Reinsurance News

U.S. cyber insurance pays off despite high loss ratios in 2016: Aon Benfield

11th May 2017 - Author: Staff Writer

Reinsurance broker Aon Benfield’s cyber insurance update for 2016 showed U.S. cyber insurance as profitable despite it being a line of business with above average loss ratios.

With cyber being the second top rated business risk throughout Europe and the U.S., the report shows insurers and reinsurers have made progress in leaps and bounds to respond to high level demand, cyber premiums are growing and the field is expanding, as new cyber solutions are created and refined.

“In 2016 US cyber premiums grew approximately 30 percent year on year, to USD 1.34 billion. As we expected to see, a growing number of insurers participated in the US cyber market in 2016, reducing the market share held by the largest players.

“In total, 138 insurers reported writing some cyber premiums in 2016, with 26 insurers writing premium in 2016 that did not in 2015. 69 insurers wrote more than USD 1 million, and 29 wrote more than USD 5 million. All these numbers are higher than in 2015,” said Aon.

The cyber report, based on data from 138 U.S. insurers’ underwriting cyber – revealed an average U.S. market combined ratio for cyber insurance at an estimated 87.3%, although cyber losses varied greatly among insurers – demonstrative of the segment’s potential for high loss volatility and also the industry’s fledging stages of cyber risk modeling and analysis.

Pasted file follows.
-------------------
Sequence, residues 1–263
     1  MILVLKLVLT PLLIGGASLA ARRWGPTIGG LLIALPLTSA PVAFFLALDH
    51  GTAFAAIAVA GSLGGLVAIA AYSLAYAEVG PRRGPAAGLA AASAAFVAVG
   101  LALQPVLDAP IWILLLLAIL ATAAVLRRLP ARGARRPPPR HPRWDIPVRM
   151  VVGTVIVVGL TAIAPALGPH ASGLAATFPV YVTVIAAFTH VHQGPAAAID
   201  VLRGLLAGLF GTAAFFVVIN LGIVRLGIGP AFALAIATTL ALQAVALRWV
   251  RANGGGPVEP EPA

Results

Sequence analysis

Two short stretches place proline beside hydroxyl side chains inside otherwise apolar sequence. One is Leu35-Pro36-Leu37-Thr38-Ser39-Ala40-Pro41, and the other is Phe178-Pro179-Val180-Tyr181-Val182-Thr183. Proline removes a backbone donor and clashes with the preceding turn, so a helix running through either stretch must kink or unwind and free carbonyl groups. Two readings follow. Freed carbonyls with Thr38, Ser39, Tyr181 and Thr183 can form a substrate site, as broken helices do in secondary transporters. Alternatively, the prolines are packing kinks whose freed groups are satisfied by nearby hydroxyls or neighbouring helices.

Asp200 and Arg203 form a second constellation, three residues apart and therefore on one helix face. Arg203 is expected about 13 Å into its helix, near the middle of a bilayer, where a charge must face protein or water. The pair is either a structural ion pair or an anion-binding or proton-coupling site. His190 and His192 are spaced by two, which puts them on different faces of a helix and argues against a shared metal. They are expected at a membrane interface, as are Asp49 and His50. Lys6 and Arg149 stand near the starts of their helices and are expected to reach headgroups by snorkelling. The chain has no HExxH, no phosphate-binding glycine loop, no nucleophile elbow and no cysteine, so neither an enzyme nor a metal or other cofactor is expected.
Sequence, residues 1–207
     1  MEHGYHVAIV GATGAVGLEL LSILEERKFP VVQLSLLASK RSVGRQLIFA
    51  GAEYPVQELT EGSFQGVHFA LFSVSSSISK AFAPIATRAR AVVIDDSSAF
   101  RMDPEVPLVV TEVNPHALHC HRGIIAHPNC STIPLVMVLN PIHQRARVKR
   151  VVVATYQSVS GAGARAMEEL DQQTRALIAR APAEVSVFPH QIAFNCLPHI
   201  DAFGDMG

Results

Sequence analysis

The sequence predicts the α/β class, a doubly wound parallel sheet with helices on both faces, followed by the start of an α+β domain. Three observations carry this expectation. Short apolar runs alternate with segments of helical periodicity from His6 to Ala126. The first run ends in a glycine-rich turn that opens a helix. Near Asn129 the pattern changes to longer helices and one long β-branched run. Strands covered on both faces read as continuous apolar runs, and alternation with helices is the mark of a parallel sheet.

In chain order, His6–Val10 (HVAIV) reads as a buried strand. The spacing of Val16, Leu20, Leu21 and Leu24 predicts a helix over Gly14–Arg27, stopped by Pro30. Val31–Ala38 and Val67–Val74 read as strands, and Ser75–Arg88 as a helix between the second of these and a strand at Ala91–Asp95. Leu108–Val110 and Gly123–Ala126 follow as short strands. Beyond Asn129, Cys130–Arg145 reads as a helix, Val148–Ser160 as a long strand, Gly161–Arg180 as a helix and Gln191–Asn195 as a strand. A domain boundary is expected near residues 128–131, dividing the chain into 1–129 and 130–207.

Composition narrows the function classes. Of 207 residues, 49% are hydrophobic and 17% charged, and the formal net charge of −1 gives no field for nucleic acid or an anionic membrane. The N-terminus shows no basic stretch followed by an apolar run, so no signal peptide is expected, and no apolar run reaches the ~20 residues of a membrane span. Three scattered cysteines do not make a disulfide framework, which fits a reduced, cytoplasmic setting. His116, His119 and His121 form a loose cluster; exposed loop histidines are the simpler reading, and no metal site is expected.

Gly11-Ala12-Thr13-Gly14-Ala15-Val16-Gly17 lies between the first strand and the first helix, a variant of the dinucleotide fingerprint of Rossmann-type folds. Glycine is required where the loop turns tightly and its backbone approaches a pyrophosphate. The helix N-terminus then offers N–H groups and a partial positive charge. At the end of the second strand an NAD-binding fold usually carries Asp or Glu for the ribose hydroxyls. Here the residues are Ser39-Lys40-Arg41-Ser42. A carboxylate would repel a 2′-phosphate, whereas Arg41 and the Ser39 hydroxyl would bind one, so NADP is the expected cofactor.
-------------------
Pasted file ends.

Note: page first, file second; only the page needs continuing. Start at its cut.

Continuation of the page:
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The broker noted; “While 57.7 percent was the average loss ratio across all insurers, individual insurer results deviated greatly. Loss ratios among the top 29 underwriters varied between zero percent at the low-end to 1525 percent at the high-end.”

Standalone cyber insurance had a higher loss ratio, averaging 60% and 47% in pure losses with defense and containment costs (DCC) making up 10.0 points of the balance, while, according to Aon, package cyber policies showed a slightly lower average loss ratio of 53%.

These large loss ratio deviations, “emphasize the importance for insurers to manage their limits carefully as they grow in the cyber line. Larger portfolios are, on the whole, less swayed by large severity events, but offering larger limits is often a necessary step for growth.”

“This is a striking shift from last year, where the difference between standalone and package was nearly 16 loss ratio points,” stated Aon.

According to Aon, the cyber insurance space was dominated by first party claims in 2016, and these outnumbered third-party claims by a ratio of 1.4:1, showing a similar trend to 2015 claims.

Aon’s cyber report underlines both the profitability and volatility of cyber underwriting, helping re/insurers form a more sophisticated understanding of cyber risk, solutions and policies, as they move to provide cover for one of the fastest growing markets in the industry.

The clear evidence of cyber expansion underlines the progress being made in the field, and this growth is in turn catalysing the demand for reinsurance in cyber risk underwriting where high risk and loss potential requires a large capital pool to draw on.

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